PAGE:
Catch up on stories from the past week (and beyond) at the Slashdot story archive


Forgot your password?
Operating Systems Software Businesses Apple

Get To Know Mach, the Kernel of Mac OS X 413

An anonymous reader writes "Linux is a kernel, not an operating system. So what is Mac OS X's kernel? The Mach microkernel. The debate around Monolithic (Linux) and Micro (Mach) kernels continues, and there is a great chapter online about the Mach system from the very good book 'Operating System Concepts'. Which design is better? I report, you decide." Warning: link is to a PDF.
This discussion has been archived. No new comments can be posted.

Get To Know Mach, the Kernel of Mac OS X

Comments Filter:
  • by Anonymous Coward on Monday May 16, 2005 @10:39AM (#12543304)
    The apple metrosexuals vs the greasy bearded GNU/linux hippies! Who will win!
    • Who will Win?!?!

      Tune in next week to the same article (poasted at a later dupe-date for your conveinance) and FIND OUT!

      We're also to believe that the Apple Metrosexuals plan to use a hypnotizing-GayRay against the dirty hippies!

    • by ikewillis ( 586793 ) on Monday May 16, 2005 @01:00PM (#12544699) Homepage
      XNU, the kernel of OS X, is a hybrid of Mach and select BSD code, which leans substantially more towards a monolithic kernel design. What Mach typically handled in a microkernel manner with servers, namely things like the VFS, networking, etc. have all been completely removed in XNU. Where once there were Mach servers there is now the FreeBSD Unified Buffer Cache, to which Apple has attached various FreeBSD subsystems like the FreeBSD VFS and network stack.

      XNU is essentially a monolithic kernel, much like Linux. The real differences, in my opinion, lie in the IOKit object oriented driver API, whereas Linux has no real driver API and drivers have complete access to all kernel functions as drivers are simply kernel modules.

  • by hector_uk ( 882132 ) on Monday May 16, 2005 @10:41AM (#12543331)
    commence the dead horse beating. i start : mach owns.
  • by Anonymous Coward
    So people can do the

    You got a light Mac?
    No, but I've got dark brown NeXT machine.

  • MirrorDot (Score:4, Informative)

    by cirisme ( 781889 ) on Monday May 16, 2005 @10:42AM (#12543348) Homepage
    Huge PDF on Slashdot. This can't end well. Mirror []
  • by DoctoRoR ( 865873 ) * on Monday May 16, 2005 @10:44AM (#12543368) Homepage
    This appendix on Mach is from the newest edition of the classic "Operating System Concepts," Seventh Edition by Silberschatz, Galvin, and Gagne (Wiley). ISBN: 0-471-69466-5. Published December 2004.

    There are also free online chapters for FreeBSD and Nachos.

    Link to Wiley's purchase page (given that we are /. them): -0471694665.html []
    • by LanMan04 ( 790429 ) on Monday May 16, 2005 @10:50AM (#12543440)
      *Commence horrible flashback to "OS Design" class as an undergrad*...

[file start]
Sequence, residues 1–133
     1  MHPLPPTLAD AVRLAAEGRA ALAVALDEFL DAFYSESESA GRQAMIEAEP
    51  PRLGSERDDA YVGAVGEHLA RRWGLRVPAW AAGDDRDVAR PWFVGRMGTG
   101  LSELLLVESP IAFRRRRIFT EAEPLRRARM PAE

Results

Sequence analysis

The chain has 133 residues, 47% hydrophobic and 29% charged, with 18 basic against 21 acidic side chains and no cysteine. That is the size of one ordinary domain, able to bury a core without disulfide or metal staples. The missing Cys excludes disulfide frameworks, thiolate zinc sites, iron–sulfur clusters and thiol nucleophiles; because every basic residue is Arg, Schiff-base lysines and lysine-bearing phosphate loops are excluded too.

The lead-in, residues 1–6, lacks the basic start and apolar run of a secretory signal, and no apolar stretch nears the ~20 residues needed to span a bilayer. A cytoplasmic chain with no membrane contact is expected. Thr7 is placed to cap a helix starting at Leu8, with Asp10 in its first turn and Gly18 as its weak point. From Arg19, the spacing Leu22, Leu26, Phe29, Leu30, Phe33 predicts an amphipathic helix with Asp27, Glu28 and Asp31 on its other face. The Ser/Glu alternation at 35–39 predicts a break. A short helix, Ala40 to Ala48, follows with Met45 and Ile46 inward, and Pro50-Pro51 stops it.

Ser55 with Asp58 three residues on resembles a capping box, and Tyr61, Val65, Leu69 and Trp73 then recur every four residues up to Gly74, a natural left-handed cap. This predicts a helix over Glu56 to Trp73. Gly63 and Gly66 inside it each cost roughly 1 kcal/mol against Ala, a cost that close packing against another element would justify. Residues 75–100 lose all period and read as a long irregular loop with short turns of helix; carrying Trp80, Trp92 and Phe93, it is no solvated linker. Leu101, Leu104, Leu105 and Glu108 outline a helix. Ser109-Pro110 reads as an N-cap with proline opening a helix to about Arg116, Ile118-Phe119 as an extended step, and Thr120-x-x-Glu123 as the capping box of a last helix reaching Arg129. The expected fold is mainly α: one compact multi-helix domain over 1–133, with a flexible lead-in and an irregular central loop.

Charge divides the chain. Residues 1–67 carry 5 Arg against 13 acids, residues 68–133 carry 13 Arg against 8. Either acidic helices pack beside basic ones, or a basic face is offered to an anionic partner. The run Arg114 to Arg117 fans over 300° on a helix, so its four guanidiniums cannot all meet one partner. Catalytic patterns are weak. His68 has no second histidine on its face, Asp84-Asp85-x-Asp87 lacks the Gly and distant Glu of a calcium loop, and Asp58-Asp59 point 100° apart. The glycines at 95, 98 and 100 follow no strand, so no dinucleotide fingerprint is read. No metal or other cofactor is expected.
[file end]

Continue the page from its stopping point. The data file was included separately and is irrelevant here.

The therapy was working.. I had almost blotted out the existence of Nachos altogether. Now it's all coming back. Why do you feel the need to hurt me so? *sob*

    • Interestingly the chapter was pulled in the 5th edition.. but the chapter was offered online at the time of publishing (it was in my OS class file).

      acording to the preface from 5th "coverage of the Mach operating system (old chapter 20), which is a modern os.... is available on line."

      Back into relevance? The new article doesn't mention MAC OSX which doesn't mean it completely out of date.

      It should be noted that appe hired Avie Tevanian to modify the MACH kernal and boost its performace.

      http://everythi []
    • What's interesting is the utter irrelevance of the slashdot posting to the book excerpt. Slashdot talks as if it's a detailed article on the internals of Darwin, which is the OSX kernel, NOT MACH. Darwin is based on Mach, yes, but it's not Mach. And the article never once mentions OSX, or Apple, or Macs. One must seriously the ability to read included in the job requirements for a slashdot editor?
  • by iggymanz ( 596061 ) on Monday May 16, 2005 @10:44AM (#12543372)
    The modular design of microkernels makes for easier design & debugging, and with some designs the freedom to make user space services that can only be in privileged space in monolithic designs, but does one want to pay the overhead for all that message passing? Now that we are getting into parallel processing at the consumer level with multicore and hyperthreaded chips, maybe the answer is yes.
    • The modular design of microkernels makes for easier design & debugging, and with some designs the freedom to make user space services that can only be in privileged space in monolithic designs, but does one want to pay the overhead for all that message passing?

      No, which is why Apple's XNU runs in one address space for the most part (I don't even know whether there are parts which don't), and most message passing has been reduced to plain function calls. They still have the design advantages of s

    • L4 performance? (Score:3, Interesting)

      by emil ( 695 )

      HURD abandoned Mach because of performance issues and is being reimplemented on L4 [].

      If Apple had chosen L4, would it have been necessary from a performance perspective to include BSD at a peer level with the microkernel?